Mini glaucoma shunt viable surgical alternative

October 15, 2008

Surgical outcomes were compared in a retrospective study of 76 eyes with a miniature glaucoma shunt (Ex-PRESS, Optonol) implanted and 77 eyes that underwent standard trabeculectomy. The two procedures were associated with similar IOP-lowering efficacy, but the shunt procedure had a benefit for reducing the risk of hypotony.

Key Points

Dr. Herndon compared the outcomes of the two glaucoma procedures performed in his own hands in a retrospective chart review. His study included 76 consecutive shunt procedures in 69 patients performed between June 2006 and July 2007 and 77 consecutive standard trabeculectomy surgeries performed in 65 patients between June 2005 and May 2006.

"This study has the inherent weaknesses of its retrospective design, and another limitation is that different shunt models and different conjunctival closure techniques were used," said Dr. Herndon. "However, its results are consistent with a published retrospective, comparative study by Peter Netland, MD, and colleagues who also reported similar IOP-lowering efficacy for the two procedures, but with a higher rate of hypotony in eyes undergoing standard trabeculectomy. These findings suggest the [miniature] device is a viable alternative to conventional trabeculectomy."

The two surgical groups in Dr. Herndon's study were similar with respect to baseline demographic and clinical features. Just over half of the eyes in the shunt group (53%) had previous incisional surgery, predominantly prior trabeculectomy or cataract surgery, and that history was present in a slightly higher proportion of patients undergoing standard trabeculectomy (61%), although the difference between groups was not statistically significant.

Outcomes data were extracted from visits at 1 day, 1 week, 1 month, and most recent visit. IOP analyses showed that beyond the first day after surgery, no significant differences were found comparing mean IOP in the two groups. At the most recent visit, mean IOP was 11.3 mm Hg in the shunt group and 10.8 mm Hg in the standard trabeculectomy group.

Failure, defined as IOP of 5 mm Hg or less, IOP exceeding 21 mm Hg, or a need for further surgery, was more common in the eyes that had standard surgery compared with the shunt group, 32% versus 22%, respectively, although the difference in rates did not achieve statistical significance. Considering eyes that had failure because of hypotony (IOP < 5 mm Hg), however, a significant difference existed between groups, with a fourfold higher rate in the standard trabeculectomy group compared with the eyes that received the miniature shunt, 16% versus 4%, respectively. No between-group differences were found in the rates for the other failure criteria.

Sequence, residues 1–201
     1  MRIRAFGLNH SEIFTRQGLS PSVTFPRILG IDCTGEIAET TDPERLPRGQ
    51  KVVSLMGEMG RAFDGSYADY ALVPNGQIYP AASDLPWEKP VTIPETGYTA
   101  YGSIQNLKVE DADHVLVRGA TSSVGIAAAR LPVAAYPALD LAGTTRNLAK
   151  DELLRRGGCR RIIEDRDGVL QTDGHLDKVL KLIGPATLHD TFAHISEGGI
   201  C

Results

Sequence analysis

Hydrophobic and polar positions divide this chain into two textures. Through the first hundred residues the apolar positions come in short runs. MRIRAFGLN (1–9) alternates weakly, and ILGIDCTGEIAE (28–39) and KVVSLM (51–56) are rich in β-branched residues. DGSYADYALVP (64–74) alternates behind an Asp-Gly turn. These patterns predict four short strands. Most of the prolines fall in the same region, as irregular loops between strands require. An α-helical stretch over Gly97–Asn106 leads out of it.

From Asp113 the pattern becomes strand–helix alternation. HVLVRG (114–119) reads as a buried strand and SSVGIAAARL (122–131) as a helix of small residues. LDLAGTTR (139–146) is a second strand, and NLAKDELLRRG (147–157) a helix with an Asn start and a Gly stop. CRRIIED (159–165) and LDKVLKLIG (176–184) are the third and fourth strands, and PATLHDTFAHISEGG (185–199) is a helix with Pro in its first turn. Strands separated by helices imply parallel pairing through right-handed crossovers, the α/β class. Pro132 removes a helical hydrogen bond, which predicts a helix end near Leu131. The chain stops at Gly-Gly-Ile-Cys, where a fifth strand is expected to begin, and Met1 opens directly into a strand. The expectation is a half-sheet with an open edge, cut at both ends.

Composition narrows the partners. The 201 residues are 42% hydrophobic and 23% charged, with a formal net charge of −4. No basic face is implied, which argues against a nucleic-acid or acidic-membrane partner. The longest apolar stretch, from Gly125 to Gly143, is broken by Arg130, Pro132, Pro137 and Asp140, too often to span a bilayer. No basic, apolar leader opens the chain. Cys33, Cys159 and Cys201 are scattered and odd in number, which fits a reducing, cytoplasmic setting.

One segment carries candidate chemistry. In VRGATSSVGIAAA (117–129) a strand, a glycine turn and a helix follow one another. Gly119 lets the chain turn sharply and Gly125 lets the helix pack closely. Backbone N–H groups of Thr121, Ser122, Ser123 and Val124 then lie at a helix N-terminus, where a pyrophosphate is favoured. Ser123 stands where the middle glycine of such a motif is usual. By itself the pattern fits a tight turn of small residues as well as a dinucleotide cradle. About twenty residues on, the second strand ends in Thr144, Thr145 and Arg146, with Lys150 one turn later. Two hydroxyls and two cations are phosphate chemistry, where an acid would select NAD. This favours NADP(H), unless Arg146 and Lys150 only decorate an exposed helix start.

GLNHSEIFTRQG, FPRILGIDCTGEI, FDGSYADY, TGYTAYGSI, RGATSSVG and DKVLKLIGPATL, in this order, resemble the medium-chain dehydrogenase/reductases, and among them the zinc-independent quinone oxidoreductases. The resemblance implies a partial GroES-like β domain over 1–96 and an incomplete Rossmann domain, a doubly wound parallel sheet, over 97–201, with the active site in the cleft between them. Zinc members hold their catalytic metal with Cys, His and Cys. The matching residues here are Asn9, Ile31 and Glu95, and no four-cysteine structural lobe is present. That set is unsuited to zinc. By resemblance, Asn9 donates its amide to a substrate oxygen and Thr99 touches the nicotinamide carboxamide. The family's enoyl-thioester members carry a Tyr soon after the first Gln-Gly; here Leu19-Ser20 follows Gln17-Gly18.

More bleb leaks

Regarding other complications, the shunt surgery was associated with more bleb leaks than standard trabeculectomy.

"I believe this difference is due to a change in technique I made recently from a limbal-based to a fornix-based procedure in the shunt group. There are very few eyes in the standard trabeculectomy group that had fornix-based surgery," Dr. Herndon said.

He also analyzed outcomes separately for the subgroup of eyes that underwent combination glaucoma-cataract surgery. Phacoemulsification was performed at the time of the glaucoma procedure in 19 eyes that had the shunt implanted and 20 eyes that underwent standard trabeculectomy. Throughout follow-up, mean IOP was significantly lower in eyes that underwent phacoemulsification combined with shunt placement than in eyes that had cataract surgery combined with standard trabeculectomy. At the most recent visit, no significant IOP difference existed between these groups, however.

Another subgroup analysis considered differences in IOP control between patients who received one model of the shunt (X-200) versus another model (X-50), which has a more narrow lumen.

"Interestingly, during the early follow-up, IOP was significantly lower in eyes with the [model with the more narrow lumen]. However, at the most recent visit, there was no significant difference between groups. More study is needed to determine the ideal model selection for the target level of IOP control," Dr. Herndon said.

The miniature shunt initially was designed to be placed under the conjunctiva, but the technique has evolved to the use of a subscleral flap placement to reduce the risk of erosion. It has been available in three models (R, T, and X). Earlier this year, the manufacturer introduced a new model (P) that features a slit in the plate to facilitate posterior filtration. Previously, a new delivery system was developed that makes release of the shunt from the introducer easier.

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